Author: Jack Zipes
Usefulness rating: 6/10
Referral: I picked it for a book review required by my fairy tale films class because I'm writing a paper about how one particular tale has evolved
Source: Borrowed from the BYU library
Books I've read this year: 143
This is the review I wrote for my class:
In the early chapters of Why Fairy Tales Stick: The Evolution and Relevance of a Genre, Jack Zipes seems to set up a pattern for what he’ll do in the rest of the book. In the first chapter, he lays the groundwork for how fairy tales became a genre in the first place. He shows how there needed to be a critical mass of people, reading and writing in the vernacular, before the oral folk and fairy tales which had been circulating for centuries could be written down. While we can’t see how stories changed in the oral tradition, Zipes attempts to demonstrate how the tales have changed in the years when they have become part of the print and mass-media culture. While Zipes deals primarily with the history of language in the first chapter, his focus shifts to the history of fairy tales as a whole in the second chapter. The most surprising part of these first two chapters may be Zipes’ definition of a fairy tale, which is broader than many others I’ve read. While many other fairy tale scholars keep the definition narrow because they consider all tales that are fairy tales to come from the oral tradition, Zipes includes Barrie, Wilde, Andersen, Baum, Tolkien, Salman Rushdie, and even the creators of X-Men as authors of fairy tale. Zipes says, “The institutionalization of a genre means that a certain process of production, distribution, and reception had become fully accepted within the public sphere of a society and plays a role in forming and maintaining the cultural heritage of that society. Without such institutionalization, any genre would perish” (89). It seems logical that Zipes, who argues that the fairy tale is alive and evolving in the 21st century, would keep the definition broad, because if the traditional tales fail to speak to those in the future, there will undoubtedly be other tales to take their place.
Based on these first two chapters, I expected that Zipes would continue to look at the genre as a whole, perhaps looking at the evolution of various issues or linguistic elements in Western European tales. However, Zipes seems to change the scope of his work quite dramatically as the book progresses past the first two chapters. In the next four chapters Zipes looks at various tales (Little Red Riding Hood, Cinderella, Snow White, Beauty and the Beast, Mulan, and Bluebeard) and show how each tale has departed from the traditional literary versions in the retellings that have been written over the last two or three centuries. He finds trends in the patterns of retellings (Bluebeard characters after World War II seems to represent some of the anxieties and feelings of emasculation that men felt after the end of the war, Cinderellas in the late 20th century show trends toward multiculturalism) and attempts to draw some conclusions about what those patterns may say about particular periods of time. Zipes seems to feel that the Aarne-Thompson classification index is a too categorical and formulaic to be useful in the modern era, but his book works best as an extension of that index. It would be particularly useful to anyone studying a traditional tale and its many retellings, since he provides exhaustive lists of retellings as well as more in-depth summaries and analysis of particular retellings which seem to highlight a certain moment in history.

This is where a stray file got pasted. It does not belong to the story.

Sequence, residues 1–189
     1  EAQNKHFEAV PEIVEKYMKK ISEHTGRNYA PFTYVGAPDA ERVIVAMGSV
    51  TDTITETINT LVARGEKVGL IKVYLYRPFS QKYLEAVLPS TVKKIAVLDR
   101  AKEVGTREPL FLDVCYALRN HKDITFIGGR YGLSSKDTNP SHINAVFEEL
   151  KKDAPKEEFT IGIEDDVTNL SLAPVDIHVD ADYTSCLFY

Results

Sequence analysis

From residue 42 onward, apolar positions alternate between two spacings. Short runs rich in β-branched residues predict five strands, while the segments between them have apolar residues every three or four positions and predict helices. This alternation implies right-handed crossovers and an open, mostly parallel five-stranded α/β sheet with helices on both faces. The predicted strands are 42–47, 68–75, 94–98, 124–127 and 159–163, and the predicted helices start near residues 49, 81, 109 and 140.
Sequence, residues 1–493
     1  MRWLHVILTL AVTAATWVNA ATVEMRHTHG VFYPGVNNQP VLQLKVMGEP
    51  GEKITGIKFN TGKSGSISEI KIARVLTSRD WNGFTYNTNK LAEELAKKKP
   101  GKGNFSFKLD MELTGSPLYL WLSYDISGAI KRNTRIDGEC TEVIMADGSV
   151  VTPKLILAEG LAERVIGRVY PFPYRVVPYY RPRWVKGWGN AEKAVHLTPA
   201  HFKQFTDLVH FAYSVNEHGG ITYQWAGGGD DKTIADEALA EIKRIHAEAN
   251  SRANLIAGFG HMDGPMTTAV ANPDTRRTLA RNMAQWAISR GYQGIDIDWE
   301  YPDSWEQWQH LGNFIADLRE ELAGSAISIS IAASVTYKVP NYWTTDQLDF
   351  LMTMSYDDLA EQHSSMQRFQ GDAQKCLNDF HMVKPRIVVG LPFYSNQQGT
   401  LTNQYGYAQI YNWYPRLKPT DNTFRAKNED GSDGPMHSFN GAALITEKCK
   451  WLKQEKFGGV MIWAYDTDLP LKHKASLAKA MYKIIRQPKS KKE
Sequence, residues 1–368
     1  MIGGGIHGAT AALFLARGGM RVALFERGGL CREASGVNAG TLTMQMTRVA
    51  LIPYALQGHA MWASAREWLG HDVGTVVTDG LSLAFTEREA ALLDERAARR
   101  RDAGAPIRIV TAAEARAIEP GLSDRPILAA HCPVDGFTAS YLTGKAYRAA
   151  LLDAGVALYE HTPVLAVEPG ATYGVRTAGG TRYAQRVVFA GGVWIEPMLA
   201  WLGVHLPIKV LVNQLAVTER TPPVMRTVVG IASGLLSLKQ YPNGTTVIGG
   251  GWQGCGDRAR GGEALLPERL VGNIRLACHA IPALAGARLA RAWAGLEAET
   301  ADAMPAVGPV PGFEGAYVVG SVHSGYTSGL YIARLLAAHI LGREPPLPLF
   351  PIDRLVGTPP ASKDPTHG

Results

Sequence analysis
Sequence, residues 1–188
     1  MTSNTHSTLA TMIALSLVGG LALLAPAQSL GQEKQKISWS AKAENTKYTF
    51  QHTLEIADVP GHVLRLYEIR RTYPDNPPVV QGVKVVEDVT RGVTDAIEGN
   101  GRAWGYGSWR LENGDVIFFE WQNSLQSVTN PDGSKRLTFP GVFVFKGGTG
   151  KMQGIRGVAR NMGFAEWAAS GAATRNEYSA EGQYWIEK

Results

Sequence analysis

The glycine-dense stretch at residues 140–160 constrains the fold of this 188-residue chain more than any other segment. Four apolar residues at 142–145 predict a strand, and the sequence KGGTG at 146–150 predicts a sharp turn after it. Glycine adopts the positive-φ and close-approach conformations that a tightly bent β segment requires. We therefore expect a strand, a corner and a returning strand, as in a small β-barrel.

When I chose this book to review, I was surprised at just how ubiquitous Jack Zipes seems to be in the world of fairy tale studies. I wondered how he could possibly write all of the books and articles he does. In reading Why Fairy Tales Stick, I think I found some of the answer—he reuses significant portions of his material. This book is only seven chapters long, and at least one of the chapters is a condensation of previously published work (in this case, a study of Little Red Riding Hood). If other chapters function in the same way, that might explain some of Zipes’s ability to be prolific in his publishing, but I’m not sure how it reflects on his academic work as a whole. Zipes is at his least successful when he’s catty. He goes on for several paragraphs about Ruth Bottigheimer’s argument that print culture was responsible for the dissemination of the fairy tale, and the attack was so mean-spirited that it seemed to veer from the academic into the personal. Ultimately, while Zipes’s book can be useful for researchers who want to find retellings for their own research, I think that because he never announces his intentions to look at patterns individual fairy tales rather than continuing to look at evolution more broadly, those reading the book feel somewhat unsatisfied when the book takes that direction.